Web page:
The following two questions came into the Aspartame Resource Center. We asked Jennie McCary, MS, RD, LD to respond.
Does aspartame make you gain weight?
The simple answer is no. You gain weight when you consume more calories than you burn off through physical activity. As a low-calorie sweetener, aspartame contributes little to no calories, resulting in products much lower in calories compared with those sweetened with sugar. For this reason using it as part of a healthy, balanced diet in combination with regular physical activity and behavior modification can aid in weight loss and management.
In fact, results of a study published in the American Journal of Clinical Nutrition comparing a group of obese adult women who consumed aspartame-sweetened beverages as part of a multidisciplinary weight-control program with a group that did not, showed that aspartame users lost significantly more weight overall and regained less weight one to two years later.
A more recent review of 16 studies demonstrated that using foods and beverages sweetened with aspartame instead of sugar results in a significant reduction in both calorie intake and body weight among healthy adults. Considering the average calorie intake of adult men and women, the authors translated the mean reduction of 10% of calorie intake to a daily calorie deficit of 222 calories. This is enough of a calorie deficit to result in a meaningful weight loss over time or to counteract the gradual weight gain that generally occurs in adulthood. Using aspartame-sweetened products can help drive down calories in favor of weight loss or maintenance. To demonstrate, here are some eye-opening calorie-saving substitution examples:
- A switch from a 12-oz can of regular soda to diet soda can save 150 calories a day and potentially result in a 15 pound weight loss in one year!
- Replacing 2 tsp. of sugar in your 3 cups of coffee or tea with 1 packet of tabletop sweetener can save 100 calories a day and help you lose 10 pounds in one year.
Questions have been raised as to aspartame's effectiveness as a weight management tool. It's been argued that aspartame use increases hunger and food intake because of the sweet taste, and that the body compensates from any calorie deficit resulting from aspartame use. Here are the facts behind those claims:
- Most scientific investigators report no change or decreased ratings of hunger with aspartame consumption. While some studies show increased hunger ratings this is not translated into an increase in food intake.
- Short and long-term studies show that aspartame use is associated with a reduction or no change in food intake.
- A few short-term studies show compensation for the calorie deficit when aspartame-sweetened products are substituted for those sweetened with sugar. But the amount (< 1/3 of the calorie reduction) was low enough that people still lost weight using the aspartame-sweetened products.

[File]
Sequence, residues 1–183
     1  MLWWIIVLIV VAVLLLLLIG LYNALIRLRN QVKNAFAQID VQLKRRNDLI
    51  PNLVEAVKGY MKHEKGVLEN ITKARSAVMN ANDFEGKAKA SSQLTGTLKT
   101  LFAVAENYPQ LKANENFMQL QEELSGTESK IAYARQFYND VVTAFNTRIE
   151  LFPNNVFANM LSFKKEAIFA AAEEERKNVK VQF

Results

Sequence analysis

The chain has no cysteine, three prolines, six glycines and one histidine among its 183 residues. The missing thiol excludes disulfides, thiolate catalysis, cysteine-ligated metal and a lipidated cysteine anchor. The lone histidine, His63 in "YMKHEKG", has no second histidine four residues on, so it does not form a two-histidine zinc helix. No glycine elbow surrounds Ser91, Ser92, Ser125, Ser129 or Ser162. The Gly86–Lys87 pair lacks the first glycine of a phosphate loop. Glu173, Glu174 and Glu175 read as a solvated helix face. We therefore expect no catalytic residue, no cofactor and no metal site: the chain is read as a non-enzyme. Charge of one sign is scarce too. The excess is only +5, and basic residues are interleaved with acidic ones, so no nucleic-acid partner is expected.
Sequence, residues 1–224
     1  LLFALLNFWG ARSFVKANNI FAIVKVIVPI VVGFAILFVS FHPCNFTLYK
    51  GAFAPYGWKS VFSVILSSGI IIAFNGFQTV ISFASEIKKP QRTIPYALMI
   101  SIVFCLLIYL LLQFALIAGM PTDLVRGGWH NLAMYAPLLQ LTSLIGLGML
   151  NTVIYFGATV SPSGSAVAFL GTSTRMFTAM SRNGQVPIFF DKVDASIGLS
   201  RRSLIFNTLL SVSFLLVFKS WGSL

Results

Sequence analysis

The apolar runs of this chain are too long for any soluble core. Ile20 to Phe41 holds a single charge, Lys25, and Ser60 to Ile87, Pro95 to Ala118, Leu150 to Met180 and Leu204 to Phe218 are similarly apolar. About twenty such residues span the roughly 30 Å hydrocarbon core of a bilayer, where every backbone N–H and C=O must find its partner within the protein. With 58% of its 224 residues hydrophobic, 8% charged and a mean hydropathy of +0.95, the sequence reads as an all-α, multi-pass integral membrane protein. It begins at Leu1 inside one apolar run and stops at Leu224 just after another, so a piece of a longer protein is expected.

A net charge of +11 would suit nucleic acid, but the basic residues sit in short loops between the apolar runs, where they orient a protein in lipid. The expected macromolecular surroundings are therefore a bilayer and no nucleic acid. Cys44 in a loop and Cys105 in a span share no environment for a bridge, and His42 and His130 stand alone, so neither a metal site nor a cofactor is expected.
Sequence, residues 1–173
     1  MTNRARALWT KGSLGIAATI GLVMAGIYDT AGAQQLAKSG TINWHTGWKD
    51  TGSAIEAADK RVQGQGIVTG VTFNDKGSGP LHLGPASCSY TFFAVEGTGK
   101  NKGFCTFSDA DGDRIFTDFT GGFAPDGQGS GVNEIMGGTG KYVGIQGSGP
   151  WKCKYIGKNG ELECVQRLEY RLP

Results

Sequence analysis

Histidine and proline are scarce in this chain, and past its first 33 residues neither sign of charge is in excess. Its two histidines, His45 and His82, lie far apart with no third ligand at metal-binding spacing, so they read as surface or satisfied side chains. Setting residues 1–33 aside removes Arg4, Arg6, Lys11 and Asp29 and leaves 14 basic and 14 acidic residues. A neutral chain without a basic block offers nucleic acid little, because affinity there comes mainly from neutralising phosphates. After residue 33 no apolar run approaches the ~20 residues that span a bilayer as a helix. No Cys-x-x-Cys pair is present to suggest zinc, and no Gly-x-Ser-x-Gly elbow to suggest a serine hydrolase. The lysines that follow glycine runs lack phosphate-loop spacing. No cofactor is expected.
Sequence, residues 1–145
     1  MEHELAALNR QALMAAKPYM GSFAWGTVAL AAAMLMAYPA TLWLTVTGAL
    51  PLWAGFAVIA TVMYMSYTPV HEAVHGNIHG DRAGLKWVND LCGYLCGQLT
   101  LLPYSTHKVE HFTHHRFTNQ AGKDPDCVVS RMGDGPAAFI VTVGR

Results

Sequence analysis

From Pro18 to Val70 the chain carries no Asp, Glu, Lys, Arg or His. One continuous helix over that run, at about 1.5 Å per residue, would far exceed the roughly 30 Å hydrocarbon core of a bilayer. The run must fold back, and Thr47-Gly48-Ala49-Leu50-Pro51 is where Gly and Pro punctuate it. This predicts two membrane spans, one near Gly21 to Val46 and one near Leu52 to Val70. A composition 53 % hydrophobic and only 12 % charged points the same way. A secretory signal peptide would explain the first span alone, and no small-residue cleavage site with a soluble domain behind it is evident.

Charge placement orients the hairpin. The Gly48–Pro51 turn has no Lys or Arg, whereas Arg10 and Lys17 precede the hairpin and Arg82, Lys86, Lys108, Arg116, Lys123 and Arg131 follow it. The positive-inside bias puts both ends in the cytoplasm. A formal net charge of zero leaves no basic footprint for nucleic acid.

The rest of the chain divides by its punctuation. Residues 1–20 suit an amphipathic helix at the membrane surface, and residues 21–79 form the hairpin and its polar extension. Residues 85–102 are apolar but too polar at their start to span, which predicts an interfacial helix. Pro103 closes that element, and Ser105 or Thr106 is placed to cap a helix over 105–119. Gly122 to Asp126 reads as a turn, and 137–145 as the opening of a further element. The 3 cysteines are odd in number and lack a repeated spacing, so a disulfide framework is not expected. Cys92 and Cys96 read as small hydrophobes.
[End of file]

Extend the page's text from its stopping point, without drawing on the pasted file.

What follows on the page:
- The claim that sugar substitutes cause weight gain is based on few animal studies with several criticisms from nutrition experts; no human study has ever linked aspartame with weight gain.
A recent study linking low-calorie sweeteners and weight gain contradicts human studies that show they are beneficial for weight control in conjunction with a well-balanced diet and active lifestyle. In the battle against weight gain, it's the calories that matter. As a sugar substitute, aspartame can help individuals lower energy intake and if on a weight control plan, effectively maintain a reduced-calorie diet.
Does aspartame contain carbohydrates?
No, aspartame itself is actually protein-based and is digested as a protein. This makes it an ideal ingredient for individuals with diabetes and others managing their carbohydrate intake. Additionally, when broken down into the amino acids aspartic acid and phenylalanine, aspartame contributes few to no calories. Like other high intensity-based tabletop sweeteners, aspartame-based sweeteners generally are formulated with a very small amount of a carbohydrate bulking agent. For example, in the case of Equal® packets, one packet contains less than 1 gram of carbohydrate and contributes zero calories to the diet, but provides the sweetness of 2 teaspoons of sugar.
Together, these properties lend aspartame-sweetened products a role in helping individuals reduce calories, total carbohydrates, and added sugars without sacrificing the sweet taste. A national online survey revealed that 7 out of 10 Americans report they are trying to consume less sugar (IFIC) and according to the Calorie Control Council, cutting down on foods high in sugar is the most common tactic used by dieters as a weight control strategy.
Basically, aspartame is a sweet alternative to sugar and high calorie foods and beverages for the millions of Americans trying to consume less sugar and balance their calorie bank for overall health, diabetes, and weight management.
Jennie McCary, Albuquerque, NM, is a registered dietitian and provides expert counsel to the Aspartame Resource Center.